The SpeedTools FILTERIFS function: Design and Implementation Part 1

Excel users have been using SUMPRODUCT and array formulas to create multiple-condition formulas for many years. This is a powerful technique, but can be painfully slow with large amounts of data. Pivot Tables and Excel 2013’s PowerPivot can provide good solutions in some instances, and the introduction of SUMIFS in Excel 2007 gave a fast alternative for some scenarios.

But there is still a need for a powerful, dynamic function that can perform better than SUMPRODUCT/ array formulas, so let me introduce my attempt at creating one : FILTERIFS.

FILTERIFS Design Objectives

  • Speed of calculation – multi-threaded, exploit sorted data and clustered data.
  • Extended criterion types to include AND/OR, Lists, Wild Card Patterns, Regular Expressions, Calculated Columns and Arrays etc.
  • Dynamic calculation in the same way as other Excel functions.
  • Extend multiple condtions to many more functions by outputing an array to other functions such as SUM, MEDIAN, LISTDISTINCTS, VSORT etc, or directly as a multi-cell array formula.

The original implementation was done using a VB6 automation addin, but lack of multi-threading and 64-bit support in VB6 lead me to re-implement as a C++ XLL.

So how do you make it fast?

The idea is to process each criterion in turn using only the rows that meet all the criteria processed so far, thus avoiding the SUMPRODUCT/array formula approach of evaluating all the criteria for all the rows.
Criteria operating on sorted columns are processed first using a fast High-Low binary search modified for relational operators.
Non-sorted columns and criterion types like Regex are then processed using linear search in a sequence designed to minimise data transfer/coercion time.
And using a C++ XLL allows multi-threading and fast execution.


The syntax uses a similar approach to SUMIFS to pass the criterion as a string concatenation of a relational operator and a value. Because the value is passed as a string FILTERIFS has to do some datatype conversions of the value to match the datatype of the criterion column (and hopefully avoid some of the SUMIFS bugs in this area).

FILTERIFS( nSortedCols, InputRange, ReturnCol, CriteriaColumn1, Criteria1,
CriteriaColumn2, Criteria2, … , [“#OR#”, nsortedCols,] CriteriaColumnx, Criteriax, …)

nSortedCols gives the number of columns which are sorted in the InputRange

InputRange is a range reference to the data containing the sorted columns and return column.
The data can contain a header row of names for the columns.

ReturnCol is the header name or number of the column within InputRange to return results from.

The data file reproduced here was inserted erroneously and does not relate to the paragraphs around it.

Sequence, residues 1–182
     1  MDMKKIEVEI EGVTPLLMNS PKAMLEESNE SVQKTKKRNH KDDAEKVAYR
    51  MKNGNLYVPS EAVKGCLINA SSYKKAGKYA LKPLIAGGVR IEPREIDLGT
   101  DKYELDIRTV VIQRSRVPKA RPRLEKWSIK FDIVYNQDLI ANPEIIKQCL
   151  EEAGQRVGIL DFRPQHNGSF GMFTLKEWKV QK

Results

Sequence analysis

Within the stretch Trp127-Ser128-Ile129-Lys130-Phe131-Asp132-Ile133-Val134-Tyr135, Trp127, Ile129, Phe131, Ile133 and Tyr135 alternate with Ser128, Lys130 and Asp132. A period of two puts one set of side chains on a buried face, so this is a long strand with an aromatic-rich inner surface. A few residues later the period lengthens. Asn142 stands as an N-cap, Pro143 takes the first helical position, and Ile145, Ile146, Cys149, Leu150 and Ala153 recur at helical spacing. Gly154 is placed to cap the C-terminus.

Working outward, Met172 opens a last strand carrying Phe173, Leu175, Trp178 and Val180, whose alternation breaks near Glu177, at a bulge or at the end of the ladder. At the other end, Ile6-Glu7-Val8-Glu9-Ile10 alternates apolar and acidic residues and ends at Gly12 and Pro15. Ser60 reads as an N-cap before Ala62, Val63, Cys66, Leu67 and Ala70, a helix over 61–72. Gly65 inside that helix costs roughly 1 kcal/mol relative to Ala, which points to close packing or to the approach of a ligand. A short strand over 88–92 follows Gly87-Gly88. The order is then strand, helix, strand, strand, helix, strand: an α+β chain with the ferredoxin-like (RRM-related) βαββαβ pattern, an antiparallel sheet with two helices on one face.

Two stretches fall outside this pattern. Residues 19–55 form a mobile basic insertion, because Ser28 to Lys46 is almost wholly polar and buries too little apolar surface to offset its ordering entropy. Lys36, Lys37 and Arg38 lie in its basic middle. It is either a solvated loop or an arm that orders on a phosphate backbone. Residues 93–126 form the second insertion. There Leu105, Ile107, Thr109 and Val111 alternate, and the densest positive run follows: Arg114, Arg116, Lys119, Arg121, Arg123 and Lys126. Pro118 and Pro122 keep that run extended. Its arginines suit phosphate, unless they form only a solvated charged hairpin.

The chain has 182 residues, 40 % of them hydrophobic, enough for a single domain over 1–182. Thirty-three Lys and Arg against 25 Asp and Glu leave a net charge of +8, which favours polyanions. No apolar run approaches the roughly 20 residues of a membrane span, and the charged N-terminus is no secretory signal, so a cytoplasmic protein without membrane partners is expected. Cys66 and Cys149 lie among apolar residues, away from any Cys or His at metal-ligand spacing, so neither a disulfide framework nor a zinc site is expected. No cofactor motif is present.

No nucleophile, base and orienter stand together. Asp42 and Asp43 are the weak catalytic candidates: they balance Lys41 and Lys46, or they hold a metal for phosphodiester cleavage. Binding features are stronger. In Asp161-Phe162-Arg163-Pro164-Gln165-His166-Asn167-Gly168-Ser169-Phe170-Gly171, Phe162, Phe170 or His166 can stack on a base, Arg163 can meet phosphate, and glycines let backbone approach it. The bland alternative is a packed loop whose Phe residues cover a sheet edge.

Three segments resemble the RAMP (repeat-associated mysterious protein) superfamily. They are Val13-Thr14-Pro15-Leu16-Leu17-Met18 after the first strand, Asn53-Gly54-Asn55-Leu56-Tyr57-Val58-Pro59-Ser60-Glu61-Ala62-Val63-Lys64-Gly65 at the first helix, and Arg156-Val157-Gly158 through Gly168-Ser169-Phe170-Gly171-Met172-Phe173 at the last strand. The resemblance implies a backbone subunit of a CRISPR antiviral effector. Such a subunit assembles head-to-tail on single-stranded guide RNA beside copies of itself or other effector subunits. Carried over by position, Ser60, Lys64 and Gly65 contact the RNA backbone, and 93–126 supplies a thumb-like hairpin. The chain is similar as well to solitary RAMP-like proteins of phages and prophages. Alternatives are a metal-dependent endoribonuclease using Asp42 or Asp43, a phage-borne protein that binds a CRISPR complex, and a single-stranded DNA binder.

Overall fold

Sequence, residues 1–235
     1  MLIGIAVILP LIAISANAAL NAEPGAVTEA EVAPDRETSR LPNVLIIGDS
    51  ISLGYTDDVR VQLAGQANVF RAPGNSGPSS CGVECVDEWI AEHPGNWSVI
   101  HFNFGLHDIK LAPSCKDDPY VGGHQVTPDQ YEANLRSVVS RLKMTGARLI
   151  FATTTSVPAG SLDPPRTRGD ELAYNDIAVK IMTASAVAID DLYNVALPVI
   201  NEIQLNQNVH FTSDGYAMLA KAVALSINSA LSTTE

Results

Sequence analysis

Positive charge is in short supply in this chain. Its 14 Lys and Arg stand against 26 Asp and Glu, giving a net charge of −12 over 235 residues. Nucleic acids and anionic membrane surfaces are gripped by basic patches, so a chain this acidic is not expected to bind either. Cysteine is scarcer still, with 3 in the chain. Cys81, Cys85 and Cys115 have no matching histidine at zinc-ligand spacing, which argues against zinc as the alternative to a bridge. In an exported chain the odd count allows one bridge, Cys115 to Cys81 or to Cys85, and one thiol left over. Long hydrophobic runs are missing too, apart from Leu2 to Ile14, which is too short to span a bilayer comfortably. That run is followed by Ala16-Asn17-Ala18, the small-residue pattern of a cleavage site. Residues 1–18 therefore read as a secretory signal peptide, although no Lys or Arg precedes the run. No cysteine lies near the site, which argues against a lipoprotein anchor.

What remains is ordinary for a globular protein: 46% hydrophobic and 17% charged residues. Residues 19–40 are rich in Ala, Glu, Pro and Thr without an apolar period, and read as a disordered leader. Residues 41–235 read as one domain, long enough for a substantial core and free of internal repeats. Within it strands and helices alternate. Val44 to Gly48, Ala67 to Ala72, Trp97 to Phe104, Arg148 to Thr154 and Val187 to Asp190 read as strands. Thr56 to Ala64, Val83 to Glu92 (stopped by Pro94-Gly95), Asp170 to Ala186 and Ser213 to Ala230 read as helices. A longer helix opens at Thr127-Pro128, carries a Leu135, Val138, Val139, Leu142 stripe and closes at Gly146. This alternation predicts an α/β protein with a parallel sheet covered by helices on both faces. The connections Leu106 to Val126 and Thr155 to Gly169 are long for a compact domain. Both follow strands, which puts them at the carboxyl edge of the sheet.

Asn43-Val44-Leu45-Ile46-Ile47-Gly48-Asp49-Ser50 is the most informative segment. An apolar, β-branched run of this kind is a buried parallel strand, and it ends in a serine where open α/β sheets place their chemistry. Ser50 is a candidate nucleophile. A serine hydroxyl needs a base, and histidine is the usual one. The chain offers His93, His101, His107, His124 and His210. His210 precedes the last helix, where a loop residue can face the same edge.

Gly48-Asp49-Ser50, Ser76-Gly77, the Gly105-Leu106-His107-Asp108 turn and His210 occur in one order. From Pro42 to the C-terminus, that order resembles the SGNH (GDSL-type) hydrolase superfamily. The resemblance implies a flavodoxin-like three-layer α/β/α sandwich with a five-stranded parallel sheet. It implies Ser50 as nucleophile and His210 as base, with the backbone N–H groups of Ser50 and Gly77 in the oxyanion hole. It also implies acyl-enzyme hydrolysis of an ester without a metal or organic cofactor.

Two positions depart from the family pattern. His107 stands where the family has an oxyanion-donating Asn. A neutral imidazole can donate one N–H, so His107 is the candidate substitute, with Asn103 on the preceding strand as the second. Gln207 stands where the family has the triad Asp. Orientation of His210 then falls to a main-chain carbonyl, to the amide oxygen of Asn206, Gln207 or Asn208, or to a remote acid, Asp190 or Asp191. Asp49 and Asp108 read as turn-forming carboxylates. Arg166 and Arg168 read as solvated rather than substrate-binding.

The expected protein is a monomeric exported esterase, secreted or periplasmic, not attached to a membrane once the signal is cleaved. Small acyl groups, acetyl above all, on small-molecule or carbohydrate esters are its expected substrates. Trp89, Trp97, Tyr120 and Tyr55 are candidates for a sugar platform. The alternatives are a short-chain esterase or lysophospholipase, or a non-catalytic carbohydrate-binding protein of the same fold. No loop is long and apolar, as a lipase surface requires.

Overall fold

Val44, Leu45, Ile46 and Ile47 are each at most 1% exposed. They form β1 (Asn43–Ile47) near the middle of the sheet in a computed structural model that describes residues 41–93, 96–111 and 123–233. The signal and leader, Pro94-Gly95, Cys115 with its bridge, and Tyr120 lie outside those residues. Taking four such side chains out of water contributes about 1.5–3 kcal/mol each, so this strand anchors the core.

Criteria Column gives either the name/number of a column in InputRange, or a range reference to an independent column, or an array or an expression returning a column of data to be used as the criterion column.

Criteria is the expression used to filter the criterion column.
This can be a relational operator (=, >=, <=, >, <, ¬=, ~, ¬~, ~~) ( ¬ means NOT, ~ means LIKE, and ~~ means Regex) and value.
It can also be a LIST of alternatives to look for, given either as an array ({“FL”,”NY”,TX”} or with a relational operator {“~ABC*”,”~DEF*}) or as a range reference.

#OR# allows you to have multiple alternative sets of criteria.

FILTERIFS Components

To deliver this fairly complex set of capabilities the function is broken down into a number of component blocks. These are the major ones:

  • Handle any header row column names & translate column names and numbers to column indexes.
  • Parse and analyse the criterias, storing the result in an array of Criterion structures
  • Data Type detection and type-casting of the criteria values
  • Find the optimum sequence to process the criteria
  • Row-Pairs class to store first-row last-row pairs for the rows that meet the criteria. Methods for this class include Append, Merge, Condense, CountPairs, CountRows etc.
  • High-Low binary search for the sorted criteria
  • Translate High-Low to rowpairs using the relational operators
  • Determine optimum data-transfer/coercion strategy and sequencing for the non-sorted criteria
  • Linear Search on row-pairs for non-sorted criteria
  • Comparison functions for the various Criterion operators.
  • Conversion of row-pairs to results

These components currently result in just under 5000 lines of code.


As at December 2012 the function is coded and the first phase of testing has been completed. It has taken considerably longer than planned, mainly because the VB6 version made extensive use of EVALUATE, which turned out not to be allowed to multi-thread in C++ and so I had to redesign most of the approach for non-sorted columns.

There is still some performance testing, refactoring and rework to be done but the target is to start Beta3 in early January 2013.

(Assuming that the Mayan calendar is wrong in predicting the end of the world today Friday 21 Decembery 2012).

This entry was posted in Calculation, Lookups, UDF, VBA, XLL. Bookmark the permalink.

2 Responses to The SpeedTools FILTERIFS function: Design and Implementation Part 1

  1. Hi Charles
    It sounds fascinating.
    If you need anyone to do some testing, I would be happy to oblige.
    There is one condition though, you need to the remove the extraneous “s” in “citerias” in the above text !!!!

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